WELL, it is the first time I will harvest some Carica papaya from the orchard. There are 17 hanging in there, but 3 decided to ripen in last few days rather quickly. The trunk grew to twelve feet in 8 months, without any problem with insects or disease.
The lemon and orange grafted trees, are looking aesthetically challenged thanks to leaf miners, something apparently natural according to my research. It is like a cold, bothersome but will not kill you.
The Guaicum, Hibiscus, propagated with hormones are doing fine. As mentioned before, when propagating one expects a high percentage of survival. In the first case is a hundred, in the second forty. But remember, it is better than ZERO, which was previous result without
rooting hormones. Related anecdote: Thousands of years ago, cow
pies were the original hormones, in China...
Yesterday, an above average native nice looking single mother with a strange Taino name and her 15 old daughter stopped to inquire and chat about my garden from the sidewalk. I was taking a rest after one hour in the threadmil and stationary bike.
It is not the first time this powerful dame stops to enjoy the flowers. This time she was more to the point. She has an intense affection for what I consider the most beautiful vine at home. Clitoria ternatea. The shape and indigo blue of the flower fascinates this single mother.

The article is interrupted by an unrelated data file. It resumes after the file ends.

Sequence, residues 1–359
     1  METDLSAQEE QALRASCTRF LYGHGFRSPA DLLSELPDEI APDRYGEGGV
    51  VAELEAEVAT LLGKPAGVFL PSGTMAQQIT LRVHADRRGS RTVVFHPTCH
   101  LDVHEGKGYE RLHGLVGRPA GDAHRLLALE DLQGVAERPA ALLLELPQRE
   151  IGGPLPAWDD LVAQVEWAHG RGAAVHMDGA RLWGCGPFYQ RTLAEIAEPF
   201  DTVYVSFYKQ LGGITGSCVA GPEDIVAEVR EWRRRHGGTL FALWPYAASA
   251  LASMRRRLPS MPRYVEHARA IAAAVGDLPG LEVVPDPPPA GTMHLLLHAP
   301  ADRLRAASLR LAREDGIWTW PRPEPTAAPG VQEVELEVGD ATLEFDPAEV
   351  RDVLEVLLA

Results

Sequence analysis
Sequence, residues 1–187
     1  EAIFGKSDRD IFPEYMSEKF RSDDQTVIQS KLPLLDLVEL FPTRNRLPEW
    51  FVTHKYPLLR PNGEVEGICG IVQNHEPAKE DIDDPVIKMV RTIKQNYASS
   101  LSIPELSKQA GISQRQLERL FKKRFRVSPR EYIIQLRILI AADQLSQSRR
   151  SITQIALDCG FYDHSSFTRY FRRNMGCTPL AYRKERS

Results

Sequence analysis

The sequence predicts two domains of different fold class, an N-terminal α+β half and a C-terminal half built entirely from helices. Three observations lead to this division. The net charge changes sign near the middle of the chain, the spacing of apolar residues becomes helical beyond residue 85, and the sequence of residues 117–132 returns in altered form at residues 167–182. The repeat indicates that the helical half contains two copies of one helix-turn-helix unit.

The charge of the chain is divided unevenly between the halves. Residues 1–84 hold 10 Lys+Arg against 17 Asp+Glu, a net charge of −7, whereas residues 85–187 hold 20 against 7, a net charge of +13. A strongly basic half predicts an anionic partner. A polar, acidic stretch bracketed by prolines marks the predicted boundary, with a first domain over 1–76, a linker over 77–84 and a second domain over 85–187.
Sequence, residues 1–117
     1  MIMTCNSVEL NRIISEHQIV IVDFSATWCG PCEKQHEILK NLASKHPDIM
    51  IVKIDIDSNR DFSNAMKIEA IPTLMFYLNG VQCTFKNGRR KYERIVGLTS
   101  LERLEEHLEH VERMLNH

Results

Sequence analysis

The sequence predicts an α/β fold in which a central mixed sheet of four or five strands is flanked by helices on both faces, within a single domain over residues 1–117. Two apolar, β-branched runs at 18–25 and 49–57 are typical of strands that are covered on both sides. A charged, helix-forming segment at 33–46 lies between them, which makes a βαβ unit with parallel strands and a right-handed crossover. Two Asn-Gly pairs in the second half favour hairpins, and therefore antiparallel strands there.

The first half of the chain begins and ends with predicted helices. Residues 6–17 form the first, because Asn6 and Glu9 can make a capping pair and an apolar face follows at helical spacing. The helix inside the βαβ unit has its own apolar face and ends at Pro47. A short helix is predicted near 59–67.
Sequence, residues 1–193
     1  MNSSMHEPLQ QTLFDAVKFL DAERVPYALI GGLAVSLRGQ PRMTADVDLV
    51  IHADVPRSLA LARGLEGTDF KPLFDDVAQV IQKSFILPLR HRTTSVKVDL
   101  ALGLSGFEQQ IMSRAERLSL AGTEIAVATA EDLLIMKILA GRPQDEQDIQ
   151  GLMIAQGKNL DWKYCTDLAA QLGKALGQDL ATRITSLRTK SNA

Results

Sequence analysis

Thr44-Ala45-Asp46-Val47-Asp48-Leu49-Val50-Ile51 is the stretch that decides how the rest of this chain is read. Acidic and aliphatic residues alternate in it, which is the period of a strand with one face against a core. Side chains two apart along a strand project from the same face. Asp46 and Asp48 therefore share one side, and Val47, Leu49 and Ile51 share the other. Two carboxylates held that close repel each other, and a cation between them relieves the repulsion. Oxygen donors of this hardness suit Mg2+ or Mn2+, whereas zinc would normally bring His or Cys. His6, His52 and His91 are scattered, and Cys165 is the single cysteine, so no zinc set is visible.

Gloriosa rothshildiana, was the next plant in our conversation. A really weird looking plant. The tips of the leaves work as tendrils to grasp whatever to be straight. The flowers, like another oddity, Brunfelsia pauciflora, change colors. They start red, with yellow on the borders, passing away totally red.
I have now a few garden fans. Don Miguel is another one. In the last two years, I would say that out of every fifty people who walks by, perhaps five will stop and comment, requesting plants or leaves for medicinal tea, or seeds. Not a great record. Like propagating, better than nothing.
The conversation with the single mother ended with some seed pods
of Clitorias and Merremia quinquefolia, a great combination...and a promise of some tubers of Gloriosa.
Finally, I dug a new hole in the driveway concrete, built a handsome trellis with the A shape to plant some seeds of the vines mentioned already, and the recently propagated Hibiscus.
I got tired of pruning the Cavalinna maritima on the south side garden fence. I pulled it out, cutting the main stem, now waiting for everything to dry out, to cut and dispose carefully not to harm the Passiflora and others worthy constituents. Cavalinna on the south side RIP.
The pruning was not the only issue. It looks stiff, with a desire of remaining a ground cover, perhaps its vocation. Time to go...
A blog about flora and fauna, besides creative horticultural criticism, photography of the garden and beyond in an urban context. All its possibilities within crowded concrete/asphalt realities, aesthetics and its murder farther along the self.
Friday, May 28, 2010
BOURET HORTICULTURAL SOCIETY GARDENING REPORT
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